The current pattern for distribution of seats in the House of Delegates began with the legislative apportionment plan of 1972 and has been revised every ten years thereafter. The plan created 47 legislative districts, many of which cross county boundaries to delineate districts relatively equal in population. Each legislative district sends three delegates for a total of 141 members of the House. Some of the larger districts are divided into delegate sub-districts to provide local representation to areas not large enough to constitute an entire legislative district.[2] In a special session on May 1, 2019, Delegate Adrienne Jones became the first woman and the first African American to be elected Speaker of the Maryland House of Delegates.[3]

Powers and functions[edit]

The powers and functions of the Maryland House of Delegates are outlined in the Maryland Constitution. Along with the State Senate, the House has the power to approve laws, establish executive departments, levy taxes, and propose state constitutional amendments. Both houses also have the power to elect the state treasurer and to appoint a new Governor if the offices of Governor and Lieutenant Governor are simultaneously vacant. In addition, the House of Delegates has the sole power to impeach members of the executive branch, including the Governor. Once the House of Delegates has passed articles of impeachment, the person impeached stands trial before the State Senate.

Organization[edit]

The House of Delegates utilizes a number of different organizational structures. Much of the work of drafting and reviewing bills is done by six standing committees: Appropriations, Economic Matters, Environment and Transportation, Health and Government Operations, Judiciary, and Ways and Means. Each of these committees is then divided further into sub-committees by issue area. An additional continuing committee, Executive Nominations, has the responsibility for confirming appointments of the Governor. Delegates also divide themselves into a variety of legally recognized work groups, Joint and Special Committees, caucuses, and geographic delegations. The two largest caucuses are those of the Democratic and Republican Parties.

Smaller caucuses might group Delegates by identity, such as the Women's Caucus,[4] notably the first women's legislative caucus founded in the United States.[5] The Asian-American and Pacific Islander caucus,[6] or Legislative Black Caucus are other examples. Delegates may also organize by issue or area of experience, such as the Veterans' Caucus.[7] In addition, delegates from a certain county, smaller towns, or Baltimore City might organize its delegate delegation into a caucus-style group, such as the Baltimore City Delegation or the Western Maryland Delegation.

Composition[edit]

Affiliation Party
(Shading indicates majority caucus)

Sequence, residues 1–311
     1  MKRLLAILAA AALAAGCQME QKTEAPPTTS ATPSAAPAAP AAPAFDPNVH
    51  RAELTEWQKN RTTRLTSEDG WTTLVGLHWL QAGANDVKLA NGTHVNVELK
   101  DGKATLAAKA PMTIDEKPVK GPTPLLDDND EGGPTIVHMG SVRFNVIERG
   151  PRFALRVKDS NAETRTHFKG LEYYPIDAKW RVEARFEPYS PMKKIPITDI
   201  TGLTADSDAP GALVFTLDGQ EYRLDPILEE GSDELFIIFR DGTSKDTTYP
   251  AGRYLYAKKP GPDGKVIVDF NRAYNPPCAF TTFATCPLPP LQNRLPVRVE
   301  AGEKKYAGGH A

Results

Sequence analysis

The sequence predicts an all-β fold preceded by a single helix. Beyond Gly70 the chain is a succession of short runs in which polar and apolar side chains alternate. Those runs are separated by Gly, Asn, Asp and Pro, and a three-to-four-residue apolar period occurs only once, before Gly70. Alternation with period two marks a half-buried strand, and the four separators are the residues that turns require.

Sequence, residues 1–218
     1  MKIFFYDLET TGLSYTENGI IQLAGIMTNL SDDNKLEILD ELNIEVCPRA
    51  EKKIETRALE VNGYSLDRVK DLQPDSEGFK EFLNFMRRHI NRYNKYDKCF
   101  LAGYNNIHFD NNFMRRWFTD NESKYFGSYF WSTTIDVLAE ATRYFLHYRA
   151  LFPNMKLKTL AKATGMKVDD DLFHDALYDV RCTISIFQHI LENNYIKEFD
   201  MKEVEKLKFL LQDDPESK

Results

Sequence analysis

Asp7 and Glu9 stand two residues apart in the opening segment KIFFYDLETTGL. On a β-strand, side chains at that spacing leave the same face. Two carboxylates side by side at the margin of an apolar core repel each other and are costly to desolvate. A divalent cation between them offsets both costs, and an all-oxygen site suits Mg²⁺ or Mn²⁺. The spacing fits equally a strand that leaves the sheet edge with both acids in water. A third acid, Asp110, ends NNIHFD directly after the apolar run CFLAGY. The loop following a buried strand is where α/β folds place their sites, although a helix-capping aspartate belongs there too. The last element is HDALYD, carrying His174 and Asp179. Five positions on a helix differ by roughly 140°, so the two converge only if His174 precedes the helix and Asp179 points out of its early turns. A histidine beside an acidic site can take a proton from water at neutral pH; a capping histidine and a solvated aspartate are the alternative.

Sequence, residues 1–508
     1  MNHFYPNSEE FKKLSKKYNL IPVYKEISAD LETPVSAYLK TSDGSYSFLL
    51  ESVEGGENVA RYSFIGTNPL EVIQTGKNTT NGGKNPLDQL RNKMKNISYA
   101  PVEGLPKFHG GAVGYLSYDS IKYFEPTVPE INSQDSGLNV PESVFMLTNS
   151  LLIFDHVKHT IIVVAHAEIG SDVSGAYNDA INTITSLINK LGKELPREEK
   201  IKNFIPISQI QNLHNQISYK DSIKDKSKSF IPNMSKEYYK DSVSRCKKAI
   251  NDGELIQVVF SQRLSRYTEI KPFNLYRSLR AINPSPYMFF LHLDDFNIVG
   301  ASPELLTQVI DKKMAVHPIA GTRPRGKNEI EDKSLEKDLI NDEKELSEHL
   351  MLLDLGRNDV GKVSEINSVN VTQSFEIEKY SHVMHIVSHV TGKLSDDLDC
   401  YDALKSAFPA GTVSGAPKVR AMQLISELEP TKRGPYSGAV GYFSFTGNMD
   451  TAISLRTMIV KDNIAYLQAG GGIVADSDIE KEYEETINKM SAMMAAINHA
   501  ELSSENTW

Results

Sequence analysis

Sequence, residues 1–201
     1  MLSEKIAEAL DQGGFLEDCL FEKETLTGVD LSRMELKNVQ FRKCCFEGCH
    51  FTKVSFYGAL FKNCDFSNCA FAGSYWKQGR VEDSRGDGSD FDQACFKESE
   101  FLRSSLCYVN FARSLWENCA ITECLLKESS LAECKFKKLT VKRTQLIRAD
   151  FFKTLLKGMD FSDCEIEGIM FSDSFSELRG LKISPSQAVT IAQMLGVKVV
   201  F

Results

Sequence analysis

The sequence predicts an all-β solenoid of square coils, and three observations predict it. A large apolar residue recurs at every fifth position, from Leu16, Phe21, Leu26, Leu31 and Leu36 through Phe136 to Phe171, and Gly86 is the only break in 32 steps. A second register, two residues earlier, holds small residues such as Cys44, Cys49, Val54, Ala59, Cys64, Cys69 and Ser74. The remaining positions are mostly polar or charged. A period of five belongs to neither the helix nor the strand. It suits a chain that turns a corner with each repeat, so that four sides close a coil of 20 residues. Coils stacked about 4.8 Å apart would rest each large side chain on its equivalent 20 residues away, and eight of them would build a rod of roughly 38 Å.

Total
Democratic Republican Grn Ind Vacant
2007–2010 Session 104 36 0 1[8] 141 0
2011–2014 Session 98 43 0 0 141 0
2015–2018 Session[9] 91 50 0 0 141 0
October 15, 2018[10] 92 49 0 0 141 0
November 19, 2018[11] 91 49 1 0 141 0
2019–2022 Session 99 42 0 0 141 0
Latest voting share 70.2% 29.8%

Leadership[edit]

Current leadership in the Maryland House of Delegates.[12]

Position Name Party District
Speaker of the House Adrienne A. Jones (November 2007).jpg Adrienne A. Jones Democratic 10
Speaker Pro Tempore Delegate Sheree Sample-Hughes.jpg Sheree Sample-Hughes Democratic 37A
Majority Leader Eric Luedtke Headshot.jpg Eric Luedtke Democratic 14
Majority Whip Talmadge Branch (2007).jpg Talmadge Branch Democratic 45
Minority Leader JASON C. BUCKEL.jpg Jason C. Buckel Republican 1B
Minority Whip Christopher T. Adams Republican 37B

List of current delegates[edit]

District Delegate Party Since Residence Counties represented
1A Wendell R. Beitzel Republican 2007 McHenry Allegany, Garrett
1B Jason C. Buckel Republican 2015 Cumberland Allegany
1C Mike McKay Republican 2015 Cumberland Allegany, Washington
2A Neil Parrott Republican 2011 Hagerstown Washington
William J. Wivell Republican 2015 Smithsburg
2B Brenda J. Thiam Republican 2020 Hagerstown Washington
3A Carol L. Krimm Democratic 2015 Frederick Frederick
Karen Lewis Young Democratic 2015 Frederick
3B Kenneth P. Kerr Democratic 2019 Frederick Frederick
4 Barrie Ciliberti Republican 2015 Frederick Carroll, Frederick
Daniel L. Cox Republican 2019 Cascade
Jesse Pippy Republican 2019 Frederick
5 Susan W. Krebs Republican 2003 Sykesville Carroll
April Rose Republican 2015 Westminster
Haven Shoemaker Republican 2015 Hampstead
6 Robin Grammer Jr. Republican 2015 Essex Baltimore County
Robert B. Long Republican 2015 Baltimore
Richard W. Metzgar Republican 2015 Essex
7 Lauren Arikan Republican 2019 Jarrettsville Baltimore County, Harford
Richard Impallaria Republican 2003 Joppa
Kathy Szeliga Republican 2011 Perry Hall